End Mass Criminalization of Black and Brown Youth

End Racism and Discrimination

Tuesday, 05 January 2016 00:00

Apology, resignations over Flint are good first steps

Written by Nancy Kaffer | Detroit Free Press

In the quiet week between Christmas and New Year's Day, Michigan Department of Environmental Quality chief Dan Wyant resigned, followed quickly by department spokesman Brad Wurfel.

And Gov. Rick Snyder — finally — apologized for what happened in Flint.

For 18 months, Flint residents were exposed to lead-contaminated drinking water, after the city — while under state oversight and with MDEQ approval — began to draw its drinking water from the Flint River. Since the switch, an increasing percentage of Flint kids have elevated blood-lead levels. Lead poisoning causes irreversible behavioral and developmental difficulties.

So this apology, and these resignations, represent a sea change. But it's not enough.

For months, Snyder and his MDEQ attempted to dodge the reality that state policy wrought in the City of Flint. As reports, based not only on data compiled or gathered by outside researchers and journalists but on the state's own information, began to explain what was happening, Snyder's spokespeople and MDEQ officials worked to deflect, discredit and deny.

Last week's flurry of belated mea culpas came on the heels of a report by the state's Auditor General that seems to confirm the state — not local government officials — made the decision to draw the city's drinking water from the Flint River, a report from a Snyder-appointed task force assigned to postmortem the events of the last two years, and a crescendo of national media reports on the Flint water crisis.

These official reports are beginning to show what journalists and activists have long known or suspected: The chain of responsibility for Flint's decision to pull drinking water from the river, and for the local treatment plant's decision — made with MDEQ approval — not to add chemicals that prevent lead in old pipes from leaching into the water leads to the state.

But there's more to come, including the task force's full report, due early this year.

The unfolding story of how the city came to expose its 95,000 residents to lead-contaminated water shows a state government muddled by inertia, focused on compliance with the technical requirements of the law, at the expense of nearly everything else: common sense, empathy, native curiosity.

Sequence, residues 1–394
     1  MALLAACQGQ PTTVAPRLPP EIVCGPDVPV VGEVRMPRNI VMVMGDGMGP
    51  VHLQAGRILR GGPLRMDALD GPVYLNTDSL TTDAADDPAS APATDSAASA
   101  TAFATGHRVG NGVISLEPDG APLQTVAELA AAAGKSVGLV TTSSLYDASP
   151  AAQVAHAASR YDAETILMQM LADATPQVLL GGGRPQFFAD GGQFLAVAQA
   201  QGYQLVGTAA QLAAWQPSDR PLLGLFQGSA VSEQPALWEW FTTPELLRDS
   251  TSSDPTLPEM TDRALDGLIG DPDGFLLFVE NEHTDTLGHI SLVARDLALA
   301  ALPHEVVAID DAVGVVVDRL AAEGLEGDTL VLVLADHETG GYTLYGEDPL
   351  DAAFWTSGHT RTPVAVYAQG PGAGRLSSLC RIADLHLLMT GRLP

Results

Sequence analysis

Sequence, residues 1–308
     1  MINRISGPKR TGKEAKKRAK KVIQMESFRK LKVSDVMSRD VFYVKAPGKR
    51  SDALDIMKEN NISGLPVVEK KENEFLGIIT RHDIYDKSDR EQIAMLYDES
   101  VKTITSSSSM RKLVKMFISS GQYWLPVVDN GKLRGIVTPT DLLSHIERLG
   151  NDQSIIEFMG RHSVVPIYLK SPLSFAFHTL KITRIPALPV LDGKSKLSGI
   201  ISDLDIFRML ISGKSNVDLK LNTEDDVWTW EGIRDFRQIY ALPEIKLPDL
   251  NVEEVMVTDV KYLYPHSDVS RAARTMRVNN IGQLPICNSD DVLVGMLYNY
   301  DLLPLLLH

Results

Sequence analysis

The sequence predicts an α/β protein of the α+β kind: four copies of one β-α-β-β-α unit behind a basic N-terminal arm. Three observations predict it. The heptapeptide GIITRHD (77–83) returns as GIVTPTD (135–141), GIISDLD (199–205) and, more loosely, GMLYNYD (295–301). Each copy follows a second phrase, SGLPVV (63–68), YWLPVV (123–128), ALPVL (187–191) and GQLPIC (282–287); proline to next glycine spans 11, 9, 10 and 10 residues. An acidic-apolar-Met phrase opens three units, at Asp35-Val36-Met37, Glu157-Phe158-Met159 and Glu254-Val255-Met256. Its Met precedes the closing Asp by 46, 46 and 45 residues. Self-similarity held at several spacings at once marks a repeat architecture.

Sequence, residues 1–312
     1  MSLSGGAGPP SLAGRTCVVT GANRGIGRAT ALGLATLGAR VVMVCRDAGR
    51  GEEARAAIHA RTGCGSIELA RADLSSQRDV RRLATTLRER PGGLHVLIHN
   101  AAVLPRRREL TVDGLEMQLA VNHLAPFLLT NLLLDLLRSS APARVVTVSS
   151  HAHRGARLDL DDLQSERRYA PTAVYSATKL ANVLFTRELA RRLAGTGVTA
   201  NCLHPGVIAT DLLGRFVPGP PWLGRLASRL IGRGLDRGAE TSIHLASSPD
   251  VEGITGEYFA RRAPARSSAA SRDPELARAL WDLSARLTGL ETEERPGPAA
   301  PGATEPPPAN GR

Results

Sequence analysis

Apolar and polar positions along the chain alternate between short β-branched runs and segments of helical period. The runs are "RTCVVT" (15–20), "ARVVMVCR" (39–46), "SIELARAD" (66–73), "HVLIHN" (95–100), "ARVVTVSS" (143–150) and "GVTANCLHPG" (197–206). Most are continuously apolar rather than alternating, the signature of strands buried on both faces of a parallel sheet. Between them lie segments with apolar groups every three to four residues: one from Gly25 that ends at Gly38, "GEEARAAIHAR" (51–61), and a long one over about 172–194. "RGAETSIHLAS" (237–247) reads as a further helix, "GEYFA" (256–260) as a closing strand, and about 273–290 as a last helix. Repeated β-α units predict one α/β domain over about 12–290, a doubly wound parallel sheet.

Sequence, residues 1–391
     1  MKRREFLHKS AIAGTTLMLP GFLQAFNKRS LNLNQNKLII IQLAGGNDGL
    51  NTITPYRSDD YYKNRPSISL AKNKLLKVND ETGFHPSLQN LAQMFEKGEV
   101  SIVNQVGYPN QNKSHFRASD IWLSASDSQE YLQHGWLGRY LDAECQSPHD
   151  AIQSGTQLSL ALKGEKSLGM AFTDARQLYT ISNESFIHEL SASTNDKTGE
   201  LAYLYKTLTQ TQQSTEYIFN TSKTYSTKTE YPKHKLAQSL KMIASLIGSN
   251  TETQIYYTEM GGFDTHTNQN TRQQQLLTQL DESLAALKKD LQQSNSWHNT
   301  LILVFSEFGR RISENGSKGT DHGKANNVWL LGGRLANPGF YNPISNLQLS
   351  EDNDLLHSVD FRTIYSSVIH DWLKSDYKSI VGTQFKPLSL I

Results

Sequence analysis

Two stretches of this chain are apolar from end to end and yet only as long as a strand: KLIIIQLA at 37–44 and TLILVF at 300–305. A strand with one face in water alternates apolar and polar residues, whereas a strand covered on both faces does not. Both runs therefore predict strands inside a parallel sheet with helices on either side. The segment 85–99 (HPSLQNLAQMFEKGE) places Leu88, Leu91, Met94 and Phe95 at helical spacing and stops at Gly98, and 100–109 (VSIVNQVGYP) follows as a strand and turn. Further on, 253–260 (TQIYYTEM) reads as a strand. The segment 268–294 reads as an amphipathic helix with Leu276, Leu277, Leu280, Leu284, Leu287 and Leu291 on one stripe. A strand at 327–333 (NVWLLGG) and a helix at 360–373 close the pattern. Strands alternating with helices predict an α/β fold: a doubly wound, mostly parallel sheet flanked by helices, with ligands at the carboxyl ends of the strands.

The task force's report found the MDEQ had a derisive attitude toward outside researchers and reporters whose work showed that something was amiss in Flint, calling the tone of public statements unacceptable. E-mails obtained by Virginia Tech University researcher Marc Edwards under the Freedom of Information Act show the same kind of dismissive derision, and other, more questionable decisions — like an e-mail from an MDEQ official to a Flint water worker expressing hopes that the next round of samples would include sufficient low-lead selections.

The task force called MDEQ's approach to regulation of drinking water "minimalist," and focused on "technical compliance" rather than true safety. Members were disappointed, as late as Dec. 16, to hear Wyant defend MDEQ's decision to sign off on Flint's water treatment plans.

An analysis by a state Department of Community Health epidemiologist, performed last July, showed a higher number of Flint kids with elevated blood-lead levels, according to documents obtained by Edwards. Based on those e-mails Edwards obtained, that report doesn't appear to have made it out of DCH; both the health department and MDEQ continued to insist, wrongly, that the state's data showed that any spike in blood-lead levels was seasonal. In fact, researchers seem to have started with the premise that there was nothing to be concerned about in Flint's water, and worked to prove that it was so.

But there's one DCH e-mail I can't stop thinking about.

"I’m just saying sensitivity to the local people who are so concerned about the babies there based on what they have for data is a context that is important, beyond the high profile and other issues," Brenda Fink, director of the state Department of Health and and Human Services Division of Family and Community Health, wrote to other DCH employees back in September. "There’s a people side to this issue that sometimes gets lost when something becomes so politicized."